A visit to the Land Down Under

Flying over Australia.

Flying over Australia.

Since I was in the nearly in neighborhood of Perth, Australia (a relatively quick and cheap flight from Bali), I got in touch with friends Vin and Kylee there to see if they were up for a visitor.  It got better than that – they were heading to NZ for a few weeks over Christmas and were looking for a house-sitter.  I just struck gold!  Not only did I get to base myself somewhere for a month, but it was going to be like living in a luxury 5-star resort – only without the staff to wait on me. :-/

Perth and Western Australia

I would have a few days with the family on my arrival in Perth before heading down to the South West corner of Australia (locally known as WA, for Western Australia) for a week of sight-seeing.  I would return in time for Christmas with their family, and they would leave the house in my care from Dec 26 onward for 2 ½ weeks.

With Kylee on the Margaret River, trying to escape the formidable heat.

With Kylee on the Margaret River, trying to escape the formidable heat.

Vin very kindly gave me the keys to their car, a map and some advice on where to go.

Scenery on the drive from Perth to Albany

Scenery on the drive from Perth to Albany

First stop – Albany.  First stop, eventually, that is.  That was one LOOOONG drive.  Not just in the 5 hours or so that it took to get there, but it was just a long drive on some incredibly straight highways with not much in between.  The rural scenery was so beautiful.  I stopped a few times to take some photos on the side of the road, but hadn’t yet gotten past the paranoia of all the Australia creepy crawlies coming out of the long grass and doing their worst.  Needless to say, they were quick photo stops.

Scenery on the drive from Perth to Albany

Scenery on the drive from Perth to Albany

Oh yeah, and it was hot.  I forgot to mention the 40+ degree heatwave that hit Western Australia as soon as I landed.  Stepping out of the car was like stepping into a furnace.  Not steamy and muggy that I had been used to in Asia.  Just a dry, searing heat.

I arrived on Jan 10.  The next day the heatwave struck!

I arrived on Jan 10. The next day the heatwave struck!

The coastline in Albany was simply gorgeous and I was keen to go for long coastal walks.

Beach at Albany Wind farm

Beach at Albany Wind farm

Until the fly frenzy hit me.  Oh. My. God.  I have never seen so many flies.  They were relentless and they were sticky – as in they’d stick to you when you tried to brush them off.  They were up my nose, in my mouth, in my ears.  I quickly learned the infamous Aussie Wave – because that’s what you do.  You constantly wave your arms in front of your face to keep the buggers away.

I later learned that this was the migratory pattern of flies.  Every fly on the Western Coast of Australia migrates to Albany at this time of year.  And here their path ends.  I’m not sure what truth there was in that explanation, but I went with it due to a lack of anything else to believe.

Scenic view at Albany Wind Farm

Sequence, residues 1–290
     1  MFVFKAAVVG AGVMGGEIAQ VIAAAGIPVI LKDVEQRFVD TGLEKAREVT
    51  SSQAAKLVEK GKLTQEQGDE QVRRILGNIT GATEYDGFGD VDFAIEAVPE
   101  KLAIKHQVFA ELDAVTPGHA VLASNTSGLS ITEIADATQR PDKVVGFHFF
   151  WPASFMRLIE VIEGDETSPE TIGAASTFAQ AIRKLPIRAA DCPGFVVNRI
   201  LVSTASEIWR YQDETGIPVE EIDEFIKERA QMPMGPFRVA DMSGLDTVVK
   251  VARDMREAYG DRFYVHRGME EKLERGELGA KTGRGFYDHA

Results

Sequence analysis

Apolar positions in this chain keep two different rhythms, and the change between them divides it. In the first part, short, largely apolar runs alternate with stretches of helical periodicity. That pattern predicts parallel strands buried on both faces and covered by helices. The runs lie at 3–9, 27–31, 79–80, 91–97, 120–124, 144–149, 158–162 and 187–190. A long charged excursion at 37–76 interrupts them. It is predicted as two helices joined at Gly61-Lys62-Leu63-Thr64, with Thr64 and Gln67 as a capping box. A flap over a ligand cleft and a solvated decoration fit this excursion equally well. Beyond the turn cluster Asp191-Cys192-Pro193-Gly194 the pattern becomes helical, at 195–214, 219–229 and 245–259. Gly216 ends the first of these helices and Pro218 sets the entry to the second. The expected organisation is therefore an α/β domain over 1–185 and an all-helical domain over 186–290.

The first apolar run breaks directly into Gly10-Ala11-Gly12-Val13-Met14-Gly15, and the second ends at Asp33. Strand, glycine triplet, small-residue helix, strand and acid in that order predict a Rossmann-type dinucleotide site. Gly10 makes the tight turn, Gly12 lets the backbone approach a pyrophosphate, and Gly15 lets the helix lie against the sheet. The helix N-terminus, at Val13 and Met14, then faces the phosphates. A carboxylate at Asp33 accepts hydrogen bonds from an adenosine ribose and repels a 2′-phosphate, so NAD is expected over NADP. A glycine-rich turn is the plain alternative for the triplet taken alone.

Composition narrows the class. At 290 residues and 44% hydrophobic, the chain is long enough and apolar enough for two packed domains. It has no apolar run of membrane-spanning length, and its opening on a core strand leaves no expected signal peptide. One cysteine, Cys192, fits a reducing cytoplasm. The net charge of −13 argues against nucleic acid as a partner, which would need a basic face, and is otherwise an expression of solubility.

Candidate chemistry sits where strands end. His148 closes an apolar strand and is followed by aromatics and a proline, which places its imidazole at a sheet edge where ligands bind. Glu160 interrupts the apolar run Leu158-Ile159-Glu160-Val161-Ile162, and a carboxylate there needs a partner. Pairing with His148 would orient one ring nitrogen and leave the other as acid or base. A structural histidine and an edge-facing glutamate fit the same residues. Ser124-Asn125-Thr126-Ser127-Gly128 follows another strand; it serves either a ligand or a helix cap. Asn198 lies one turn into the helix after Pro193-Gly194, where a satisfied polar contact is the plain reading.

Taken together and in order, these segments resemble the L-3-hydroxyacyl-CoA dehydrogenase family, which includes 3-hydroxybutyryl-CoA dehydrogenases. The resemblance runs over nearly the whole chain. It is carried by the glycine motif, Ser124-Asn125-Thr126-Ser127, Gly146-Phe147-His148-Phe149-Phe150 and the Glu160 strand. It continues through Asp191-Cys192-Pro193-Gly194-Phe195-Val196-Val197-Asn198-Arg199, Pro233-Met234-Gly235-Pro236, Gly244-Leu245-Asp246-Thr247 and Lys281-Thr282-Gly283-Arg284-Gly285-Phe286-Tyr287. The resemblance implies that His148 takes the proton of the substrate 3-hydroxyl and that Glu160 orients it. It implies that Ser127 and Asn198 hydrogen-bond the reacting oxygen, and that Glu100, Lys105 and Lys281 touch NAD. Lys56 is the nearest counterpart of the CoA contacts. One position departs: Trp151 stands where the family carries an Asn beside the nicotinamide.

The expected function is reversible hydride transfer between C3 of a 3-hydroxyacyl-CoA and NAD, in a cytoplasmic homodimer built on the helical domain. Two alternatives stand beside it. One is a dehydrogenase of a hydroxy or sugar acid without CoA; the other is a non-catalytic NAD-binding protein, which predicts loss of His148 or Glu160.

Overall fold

Scenic view at Albany Wind Farm

After spending a few days in Albany trying, but failing, to avoid flies, I carried on to Margaret River and Gracetown, only to find that they had bloody flies too.   Whilst it was a bit cooler down south than back in Perth, it was still incredibly dry, and there were constant fire alerts and warnings everywhere – on road signs, on the radio and in local papers.  I could see from the smoke filled sky that there must be a fire somewhere ahead of me, and as the drive was already taking much longer than I expected, I didn’t relish a 1-2 hour detour to avoid it.  Luckily the fire didn’t end up being on my path, but it gave me a small appreciation of what it must be like for locals who constantly have to be on guard for the fires.

Valley of the Giants treetop walk (near Denmark, WA)

Valley of the Giants treetop walk (near Denmark, WA)

On the way to Margaret, I stopped at the Valley of the Giants treetop walk.  Whilst the treetop walk was kind of fun, it was another forest walk they offered which was much more interesting.  The forest in this area is full of Tingle trees – big old gnarly, knobby trees, some with massive holes bored out of the base (due to mites, fungus and/or fires).

Tingle trees - knotty burls are caused by mites, or bacterial or fungal attack.  This one is 400+ years old.

Tingle trees – knotty burls are caused by mites, or bacterial or fungal attack. This one is 400+ years old.

And wouldn’t you know it, as I was walking around the far end of the walk, the skies opened up and it poured with rain.  I had to do a mad dash to the car, trying to avoid getting the camera wet.  Not so good for me, but good for the fires, I guess.

Gracetown (SW Australia)

Gracetown (SW Australia)

I discovered an absolute stunning beach at Gracetown – and as I stood at a roadside viewing point, I thought it would be to return here the next day for a picnic and swim. That was, until I heard the people next to me talking about the guy that had been killed by a shark at this beach just a few weeks prior.  Sharks – they were another major news topic in Western Australia.  Geesh – flies, fires and sharks… what else did I have to worry about?

These!

Give way sign for snakes?

Give way sign for snakes?

Lucky for me, I didn’t see any.  I’ve never seen a country with so many animal crossing signs.  I didn’t get a picture of the Kangaroo crossing sign, although I did see a few ‘roos that had been bowled over along the highways.  That was one of the reasons I didn’t want to be caught out driving at night – there is a real danger you might hit a kangaroo, and aside from the obvious gut-wrench of doing so, it can do a lot of damage to a car.

An Aussie Christmas

I was going to be missing Christmas day with my own family, but my Perth friends kindly included me in the festivities with their friends and family.  And if there is one thing I can say that I love about an Aussie Christmas, it’s the seafood.  Oh my goodness – it was a seafood extravaganza.  Lobster, giant prawns (plain, with chilli and with garlic), oysters Kilpatrick and oysters au naturel.